A New York Federal District Court recently held that an attack by two dogs upon two pedestrians constituted a single occurrence under the dog owners’ homeowners policy. In so holding, the court rejected use of the “unfortunate events” test to determine the number of occurrences because the policy language required that all injuries arising from the same general conditions would be considered to be the result of one occurrence, regardless of the number of claimants. As a result, the insurer’s liability was limited to the …Continue Reading
On November 9, 2015, the New York State Department of Financial Services (NYDFS) sent a memorandum entitled Potential New NYDFS Cyber Security Regulation Requirements to several federal and state financial services regulators, including banking, securities and insurance regulatory, administrative and supervisory bodies.
These potential regulations are based on results of two sets of surveys of financial entities about their “cyber security programs, costs and future plans.” NYDFS surveyed 150 banks and 43 insurance companies. The results of the May 2014 banking industry survey are here…Continue Reading
One of the key issues in many insurance disputes is the number of “occurrences,” which are presented by a particular set of facts relating to a claim submitted by the policy holder. In its recent decision of Nat’l Liab. & Fire Ins. Co. v. Itzkowitz, the Second Circuit was called upon to determine whether the events surrounding an incident on the highway involving three separate vehicles were part of one single occurrence under New York law.
The events surrounding this coverage action were caused …Continue Reading
In a favorable decision to insurers on the issue of bad faith, the New York Northern District was recently called upon to determine whether an insured under a Homeowner’s policy had stated a viable cause of action. In Ripka v. Safeco Ins., 2015 U.S. Dist. LEXIS 67595 (N.D.N.Y May 26, 2015), the District Court made it clear that New York courts will not, except in very limited circumstances, award tort and punitive damages in addition to contract damages against insurers who deny claims.
Following …Continue Reading
A recent Eleventh Circuit decision warns of the dangers in handling claims against multiple insureds. In Nova Casualty Co. v. OneBeacon America Insurance Co., (U.S. Ct. Apps., 11th Cir., Mar. 17, 2015) the district court for the Southern District of Florida granted summary judgment in favor of the primary insurer, finding that although it had breached its duty to defend and indemnify an additional insured in the underlying action, the excess insurer was not entitled to damages because the primary insurer had …Continue Reading
After almost two decades, the New York Department of Financial Services (DFS) has approved amendments to New York Insurance Regulation 60, which will now permit insurance agents to immediately bind coverage where an existing life insurance policy or annuity contract is being replaced. The Third Amendment to Regulation 60, effective April 21, 2015, will allow insurers to begin underwriting new applicants on an expedited basis and will make buying insurance over the internet more feasible. Insurance agents and insurers will have to decide whether they …Continue Reading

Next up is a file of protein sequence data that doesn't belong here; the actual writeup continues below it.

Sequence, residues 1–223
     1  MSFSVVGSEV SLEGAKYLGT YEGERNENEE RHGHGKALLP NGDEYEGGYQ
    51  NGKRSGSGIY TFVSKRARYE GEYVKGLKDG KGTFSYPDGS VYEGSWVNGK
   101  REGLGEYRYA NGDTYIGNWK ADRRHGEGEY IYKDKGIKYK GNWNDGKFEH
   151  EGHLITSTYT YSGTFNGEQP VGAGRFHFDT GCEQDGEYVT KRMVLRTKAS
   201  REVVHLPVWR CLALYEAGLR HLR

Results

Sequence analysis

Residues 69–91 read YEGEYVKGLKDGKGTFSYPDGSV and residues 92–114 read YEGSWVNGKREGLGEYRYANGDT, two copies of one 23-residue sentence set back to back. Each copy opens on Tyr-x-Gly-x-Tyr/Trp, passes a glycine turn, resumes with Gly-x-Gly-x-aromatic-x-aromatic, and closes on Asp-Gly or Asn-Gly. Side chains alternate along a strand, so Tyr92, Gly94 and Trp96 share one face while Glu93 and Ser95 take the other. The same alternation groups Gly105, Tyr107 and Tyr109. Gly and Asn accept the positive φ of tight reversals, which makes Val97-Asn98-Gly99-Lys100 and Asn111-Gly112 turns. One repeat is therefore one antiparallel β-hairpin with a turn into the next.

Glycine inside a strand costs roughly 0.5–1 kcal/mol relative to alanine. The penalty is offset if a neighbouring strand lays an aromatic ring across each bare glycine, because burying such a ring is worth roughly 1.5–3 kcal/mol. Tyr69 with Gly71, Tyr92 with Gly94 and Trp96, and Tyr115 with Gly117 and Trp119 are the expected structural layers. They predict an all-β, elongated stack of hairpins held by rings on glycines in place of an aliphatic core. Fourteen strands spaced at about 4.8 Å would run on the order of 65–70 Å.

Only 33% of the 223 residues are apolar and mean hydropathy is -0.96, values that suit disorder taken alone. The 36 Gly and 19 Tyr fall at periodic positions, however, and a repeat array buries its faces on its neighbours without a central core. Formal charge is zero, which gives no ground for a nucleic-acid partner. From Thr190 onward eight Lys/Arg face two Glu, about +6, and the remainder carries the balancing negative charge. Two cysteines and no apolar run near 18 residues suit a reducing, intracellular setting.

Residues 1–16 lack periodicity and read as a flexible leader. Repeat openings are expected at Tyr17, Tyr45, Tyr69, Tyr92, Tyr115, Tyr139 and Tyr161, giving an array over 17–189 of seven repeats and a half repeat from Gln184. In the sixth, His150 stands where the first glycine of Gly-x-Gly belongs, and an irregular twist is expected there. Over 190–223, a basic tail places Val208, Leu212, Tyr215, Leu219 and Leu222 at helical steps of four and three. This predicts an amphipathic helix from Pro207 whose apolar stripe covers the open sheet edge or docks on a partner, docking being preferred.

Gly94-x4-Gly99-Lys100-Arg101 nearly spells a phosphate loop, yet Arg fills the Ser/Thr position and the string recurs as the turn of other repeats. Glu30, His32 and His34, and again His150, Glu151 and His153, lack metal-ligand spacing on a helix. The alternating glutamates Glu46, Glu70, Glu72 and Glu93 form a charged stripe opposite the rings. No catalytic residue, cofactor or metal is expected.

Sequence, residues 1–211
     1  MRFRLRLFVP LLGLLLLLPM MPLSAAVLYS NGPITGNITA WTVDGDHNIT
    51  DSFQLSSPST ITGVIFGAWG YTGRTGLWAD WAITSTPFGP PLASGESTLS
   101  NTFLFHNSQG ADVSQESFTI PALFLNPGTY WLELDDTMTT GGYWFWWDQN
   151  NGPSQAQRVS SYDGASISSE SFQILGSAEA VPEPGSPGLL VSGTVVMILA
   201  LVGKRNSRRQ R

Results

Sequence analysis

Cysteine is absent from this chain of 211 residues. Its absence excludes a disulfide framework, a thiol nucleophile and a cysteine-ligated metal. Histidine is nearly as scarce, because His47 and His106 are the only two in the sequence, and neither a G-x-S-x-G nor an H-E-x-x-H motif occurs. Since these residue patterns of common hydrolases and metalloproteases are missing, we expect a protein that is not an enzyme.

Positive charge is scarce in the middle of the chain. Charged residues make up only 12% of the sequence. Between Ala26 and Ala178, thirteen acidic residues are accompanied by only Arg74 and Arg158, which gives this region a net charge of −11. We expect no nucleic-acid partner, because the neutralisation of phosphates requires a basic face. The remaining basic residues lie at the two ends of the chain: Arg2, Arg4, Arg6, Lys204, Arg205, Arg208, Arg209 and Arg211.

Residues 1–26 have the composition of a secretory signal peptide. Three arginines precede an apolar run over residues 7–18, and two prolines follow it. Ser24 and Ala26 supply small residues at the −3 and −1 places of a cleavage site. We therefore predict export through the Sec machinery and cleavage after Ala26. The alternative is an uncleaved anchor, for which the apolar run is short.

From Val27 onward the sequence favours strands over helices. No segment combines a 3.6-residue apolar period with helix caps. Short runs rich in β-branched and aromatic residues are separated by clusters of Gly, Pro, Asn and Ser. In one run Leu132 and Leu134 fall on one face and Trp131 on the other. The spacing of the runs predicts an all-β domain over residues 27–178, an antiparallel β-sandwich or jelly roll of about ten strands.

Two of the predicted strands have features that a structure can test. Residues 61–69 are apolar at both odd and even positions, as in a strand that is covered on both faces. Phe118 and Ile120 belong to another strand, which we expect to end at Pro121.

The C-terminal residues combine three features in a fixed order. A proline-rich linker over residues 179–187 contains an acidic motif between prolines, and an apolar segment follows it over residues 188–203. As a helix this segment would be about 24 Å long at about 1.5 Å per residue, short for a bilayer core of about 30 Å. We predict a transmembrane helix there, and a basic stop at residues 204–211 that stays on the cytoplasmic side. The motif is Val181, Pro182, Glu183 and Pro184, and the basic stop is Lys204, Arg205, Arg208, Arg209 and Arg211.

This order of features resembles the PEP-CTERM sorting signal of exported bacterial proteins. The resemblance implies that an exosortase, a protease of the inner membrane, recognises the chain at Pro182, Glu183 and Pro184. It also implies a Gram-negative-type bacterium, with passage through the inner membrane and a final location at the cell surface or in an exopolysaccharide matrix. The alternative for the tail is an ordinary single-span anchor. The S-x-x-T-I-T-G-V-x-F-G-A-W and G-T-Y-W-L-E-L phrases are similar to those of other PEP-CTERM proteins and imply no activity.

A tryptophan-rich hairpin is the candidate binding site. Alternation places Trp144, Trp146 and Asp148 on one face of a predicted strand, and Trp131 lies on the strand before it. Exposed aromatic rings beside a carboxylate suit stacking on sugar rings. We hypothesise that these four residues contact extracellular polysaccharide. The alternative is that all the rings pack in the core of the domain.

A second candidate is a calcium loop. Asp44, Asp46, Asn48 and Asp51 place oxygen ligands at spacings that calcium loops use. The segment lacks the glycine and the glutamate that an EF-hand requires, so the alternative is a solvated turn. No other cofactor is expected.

Cyber security is clearly one of the highest priorities — if not the top concern — for regulators in 2015. Late last month, the New York Department of Financial Services (DFS) sent more than 160 licensed insurers a New York Insurance Law Section 308 Letter seeking a detailed report regarding their cyber security practices and procedures. The Section 308 Letter — to which there is now less than three weeks to respond — also provides greater insight into the scope of cyber security examinations that …Continue Reading
After granting reargument, the New York State Court of Appeals reversed its previous decision finding that the rule of stare decisis must govern and that the court erred by failing to take account of controlling precedent in Servidone Const. Corp. v. Sec. Ins. Co. of Hartford. In that previous decision, K2-I, the court arguably rewrote New York law by adopting a minority position that recognized the doctrine of coverage by estoppel ruling that where an insurer breaches its duty to defend, it has …Continue Reading
National Football League v. Fireman’s Fund Ins. Co.
(Cal. App. Ct. May 28, 2013)
A California appellate court recently affirmed a stay of California litigation commenced by the NFL against multiple insurers seeking coverage for traumatic brain injury cases. The court held that the NFL was not a California resident for purposes of a forum non conveniens analysis even though it has three teams in California.
The NFL administration and its intellectual property marketing arm were sued in multiple states by dozens of former players …Continue Reading